“Natural Born Killaz” is an absolute adrenaline rush that combines Dre and Cube’s complete disregard for human life with one of the most savage beats you will ever hear; an intricate, distorted, jagged melody emerges from a guitar like a shriek, and eerie strings hover in the background.
Scariest lyric: “I don’t understand the logic in my dreams / But I understand I like the sound of sirens / Terrified screams from the streams of Strychnine.”
“u” can be viewed as a kind of a portrait of manic depression. The first half frames a dark internal dialogue within a whirlwind of Terrace Martin’s anxious saxophone. The demons continue to pour out of Kendrick in the even darker second half, as he slows his roll, isolates himself, and hits the bottle as he entertains suicidal thoughts.
Scariest lyric: “Should’ve killed yo’ ass a long time ago / You should’ve feeled that black revolver blast a long time ago / And if those mirrors could talk it’d say, ‘You gotta go.’”
Cage spent 16 months in a mental institution as a teen, and when he was released, he adopted the moniker “Alex” in honor of Alex DeLarge, the sociopathic protagonist of A Clockwork Orange. “Agent Orange” samples Wendy Carlos’ Clockwork theme and takes a page from DeLarge’s playbook, as Cage runs through the song murdering people indiscriminately while fending off psychiatric evaluation.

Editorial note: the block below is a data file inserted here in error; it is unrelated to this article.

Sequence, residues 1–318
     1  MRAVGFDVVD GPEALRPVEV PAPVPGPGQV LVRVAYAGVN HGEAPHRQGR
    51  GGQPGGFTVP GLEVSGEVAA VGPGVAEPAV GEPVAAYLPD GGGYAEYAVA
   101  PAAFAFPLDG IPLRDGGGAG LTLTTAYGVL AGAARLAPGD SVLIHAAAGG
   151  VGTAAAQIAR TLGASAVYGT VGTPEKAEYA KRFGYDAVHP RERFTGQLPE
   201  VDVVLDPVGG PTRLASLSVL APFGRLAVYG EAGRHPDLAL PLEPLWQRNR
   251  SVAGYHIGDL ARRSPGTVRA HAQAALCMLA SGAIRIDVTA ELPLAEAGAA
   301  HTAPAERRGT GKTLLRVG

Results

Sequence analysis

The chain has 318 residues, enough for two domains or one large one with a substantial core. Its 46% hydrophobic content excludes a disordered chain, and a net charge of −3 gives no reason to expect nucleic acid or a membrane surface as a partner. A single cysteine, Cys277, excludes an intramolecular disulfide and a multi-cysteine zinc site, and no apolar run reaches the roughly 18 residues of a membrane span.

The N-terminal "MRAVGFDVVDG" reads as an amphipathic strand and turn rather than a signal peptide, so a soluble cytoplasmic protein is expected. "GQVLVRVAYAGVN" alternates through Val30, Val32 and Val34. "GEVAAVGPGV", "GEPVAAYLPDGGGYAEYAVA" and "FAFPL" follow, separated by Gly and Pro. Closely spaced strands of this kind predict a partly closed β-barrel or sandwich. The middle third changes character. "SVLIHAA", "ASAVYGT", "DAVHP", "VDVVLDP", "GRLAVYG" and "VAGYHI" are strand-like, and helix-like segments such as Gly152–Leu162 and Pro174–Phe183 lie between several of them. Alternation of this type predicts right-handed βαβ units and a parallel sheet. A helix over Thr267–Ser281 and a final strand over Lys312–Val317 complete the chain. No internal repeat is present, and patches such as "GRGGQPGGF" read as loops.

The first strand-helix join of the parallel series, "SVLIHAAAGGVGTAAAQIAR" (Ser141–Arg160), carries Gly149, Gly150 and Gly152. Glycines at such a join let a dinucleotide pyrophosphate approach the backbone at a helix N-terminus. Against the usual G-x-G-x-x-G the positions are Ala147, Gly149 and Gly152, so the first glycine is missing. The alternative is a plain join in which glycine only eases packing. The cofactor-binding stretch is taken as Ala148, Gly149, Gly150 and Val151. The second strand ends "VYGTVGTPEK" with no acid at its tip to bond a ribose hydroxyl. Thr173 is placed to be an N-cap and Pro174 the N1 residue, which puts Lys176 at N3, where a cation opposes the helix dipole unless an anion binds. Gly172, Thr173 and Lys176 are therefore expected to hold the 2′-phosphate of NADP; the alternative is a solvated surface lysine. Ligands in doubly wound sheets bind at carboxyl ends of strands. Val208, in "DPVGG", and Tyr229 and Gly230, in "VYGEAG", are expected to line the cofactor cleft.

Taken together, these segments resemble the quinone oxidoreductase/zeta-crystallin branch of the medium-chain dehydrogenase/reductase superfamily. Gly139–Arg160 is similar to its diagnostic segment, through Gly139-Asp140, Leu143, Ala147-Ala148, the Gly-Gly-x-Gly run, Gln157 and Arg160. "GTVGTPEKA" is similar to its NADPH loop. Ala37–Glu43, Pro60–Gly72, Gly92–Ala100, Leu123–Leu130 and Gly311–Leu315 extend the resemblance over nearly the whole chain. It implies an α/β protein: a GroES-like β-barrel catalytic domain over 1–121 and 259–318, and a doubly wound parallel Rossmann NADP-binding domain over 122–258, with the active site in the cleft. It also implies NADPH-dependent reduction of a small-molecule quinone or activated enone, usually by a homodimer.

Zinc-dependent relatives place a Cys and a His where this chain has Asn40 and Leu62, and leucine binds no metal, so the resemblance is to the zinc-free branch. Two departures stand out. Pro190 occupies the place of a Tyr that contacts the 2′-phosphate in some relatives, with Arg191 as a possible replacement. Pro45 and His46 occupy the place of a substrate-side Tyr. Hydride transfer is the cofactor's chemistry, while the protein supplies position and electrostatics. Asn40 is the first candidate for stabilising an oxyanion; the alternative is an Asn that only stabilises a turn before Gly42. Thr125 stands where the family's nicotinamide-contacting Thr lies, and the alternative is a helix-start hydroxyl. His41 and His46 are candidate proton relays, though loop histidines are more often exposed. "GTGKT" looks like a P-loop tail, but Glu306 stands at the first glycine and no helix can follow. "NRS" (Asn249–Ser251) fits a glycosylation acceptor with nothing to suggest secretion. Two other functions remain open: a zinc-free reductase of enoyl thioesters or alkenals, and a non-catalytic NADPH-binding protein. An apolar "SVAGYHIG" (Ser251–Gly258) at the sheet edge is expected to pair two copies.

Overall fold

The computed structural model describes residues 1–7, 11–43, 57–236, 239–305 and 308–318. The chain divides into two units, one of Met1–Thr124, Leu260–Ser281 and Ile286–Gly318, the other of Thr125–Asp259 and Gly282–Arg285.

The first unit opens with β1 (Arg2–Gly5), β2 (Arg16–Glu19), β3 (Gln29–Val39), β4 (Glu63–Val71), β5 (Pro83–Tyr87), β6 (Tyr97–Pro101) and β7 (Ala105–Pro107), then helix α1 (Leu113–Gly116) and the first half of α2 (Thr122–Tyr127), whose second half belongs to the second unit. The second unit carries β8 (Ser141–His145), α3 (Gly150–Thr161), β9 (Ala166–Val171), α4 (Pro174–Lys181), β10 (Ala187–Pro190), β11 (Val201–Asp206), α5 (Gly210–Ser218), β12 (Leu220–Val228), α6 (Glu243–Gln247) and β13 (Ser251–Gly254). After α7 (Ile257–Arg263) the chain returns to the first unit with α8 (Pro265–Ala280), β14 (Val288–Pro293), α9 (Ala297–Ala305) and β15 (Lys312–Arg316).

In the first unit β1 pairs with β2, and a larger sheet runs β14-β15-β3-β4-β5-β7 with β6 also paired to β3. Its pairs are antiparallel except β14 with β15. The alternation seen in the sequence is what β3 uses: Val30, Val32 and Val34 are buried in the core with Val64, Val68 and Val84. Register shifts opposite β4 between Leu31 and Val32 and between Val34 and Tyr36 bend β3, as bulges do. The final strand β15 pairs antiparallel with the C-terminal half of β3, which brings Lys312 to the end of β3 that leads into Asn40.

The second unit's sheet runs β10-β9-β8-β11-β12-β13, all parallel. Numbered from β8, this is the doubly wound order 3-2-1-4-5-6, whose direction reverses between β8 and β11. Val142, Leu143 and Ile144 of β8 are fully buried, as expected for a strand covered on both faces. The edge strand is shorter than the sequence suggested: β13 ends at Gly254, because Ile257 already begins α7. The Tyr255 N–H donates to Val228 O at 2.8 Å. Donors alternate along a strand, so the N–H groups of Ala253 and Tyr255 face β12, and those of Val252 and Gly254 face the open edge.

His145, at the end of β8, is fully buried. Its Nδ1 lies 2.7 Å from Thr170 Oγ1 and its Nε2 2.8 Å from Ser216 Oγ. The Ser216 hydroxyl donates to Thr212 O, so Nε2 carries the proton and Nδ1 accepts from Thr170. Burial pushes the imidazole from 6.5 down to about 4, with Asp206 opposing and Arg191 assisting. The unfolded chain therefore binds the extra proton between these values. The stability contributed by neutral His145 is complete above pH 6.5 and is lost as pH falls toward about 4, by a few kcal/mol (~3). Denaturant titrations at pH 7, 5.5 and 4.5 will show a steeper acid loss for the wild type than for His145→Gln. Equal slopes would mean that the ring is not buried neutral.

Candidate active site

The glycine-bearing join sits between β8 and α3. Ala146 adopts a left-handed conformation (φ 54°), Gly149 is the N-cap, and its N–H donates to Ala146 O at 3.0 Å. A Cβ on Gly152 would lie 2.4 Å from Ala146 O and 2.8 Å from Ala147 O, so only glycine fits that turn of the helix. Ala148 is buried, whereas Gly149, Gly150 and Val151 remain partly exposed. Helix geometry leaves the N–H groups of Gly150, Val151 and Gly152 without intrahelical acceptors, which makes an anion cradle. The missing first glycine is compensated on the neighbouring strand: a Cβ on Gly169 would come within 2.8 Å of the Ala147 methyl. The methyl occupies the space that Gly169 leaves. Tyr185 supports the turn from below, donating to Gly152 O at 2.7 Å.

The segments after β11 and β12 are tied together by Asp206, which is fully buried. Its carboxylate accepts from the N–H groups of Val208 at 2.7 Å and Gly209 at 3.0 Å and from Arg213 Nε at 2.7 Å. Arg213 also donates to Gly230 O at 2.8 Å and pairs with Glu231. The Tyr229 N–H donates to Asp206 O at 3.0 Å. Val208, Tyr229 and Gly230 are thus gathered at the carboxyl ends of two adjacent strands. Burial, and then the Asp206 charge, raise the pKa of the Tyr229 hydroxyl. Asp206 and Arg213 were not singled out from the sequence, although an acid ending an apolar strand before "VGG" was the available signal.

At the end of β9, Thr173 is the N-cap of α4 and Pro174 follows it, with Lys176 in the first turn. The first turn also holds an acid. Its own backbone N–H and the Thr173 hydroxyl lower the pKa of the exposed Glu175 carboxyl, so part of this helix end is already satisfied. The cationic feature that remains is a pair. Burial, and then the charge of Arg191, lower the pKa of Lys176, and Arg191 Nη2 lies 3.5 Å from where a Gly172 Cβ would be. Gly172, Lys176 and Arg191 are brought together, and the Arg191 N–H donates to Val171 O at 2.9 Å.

Scariest lyric: “Spending G’s on quacks to try and fix my clock / I caught the quick lock, bugging in the institution / Whatever sanity was left, caught the execution / Psychological pollution, they sticking me with Thorazine solution.”
In the horror film Child’s Play, the spirit of serial killer Charles Lee Ray possesses a red-headed, blue-eyed children’s doll named Chucky. In “Chuckie,” Bushwick Bill possesses Chuck, and the doll is perhaps more terrifying and violent than ever. As Bill and Chuckie prove, scary things come in small packages.
Scariest lyric: “I told you size wasn’t shit, that’s why I murdered your nieces Wasn’t my fault they found they head cut in 88 pieces.”
A skit so wickedly hilarious that it inspired an entire Chappelle’s Show skit a decade later, the “Method Man” intro finds the titular rapper and his associate Raekwon brainstorming sadistic torture methods — like walloping a pair of exposed testicles with a spiked bat — over a dice game. Then the hi-hats start ticking like a clock, and it starts to feel like your time is up.
Scariest lyric: “I’ll fuckin’, I’ll fuckin’, sew your asshole closed, and keep feeding you, and feeding you, and feeding you, and feeding you…”
Listening to “Fuckin Wit Dis Click,” the six-minute standout from Three 6 Mafia’s 1995 debut Mystic Stylez, feels like slinking around Memphis on a rainy, unseasonably cold late October night trying to avoid running into the satanic quartet of DJ Paul, Lord Infamous, Juicy J, and Koopsta Knicca. Particularly spooky is Infamous’ The Scarecrow, who murders his “patients” and whose triplet flow makes him seem all the more unstoppable.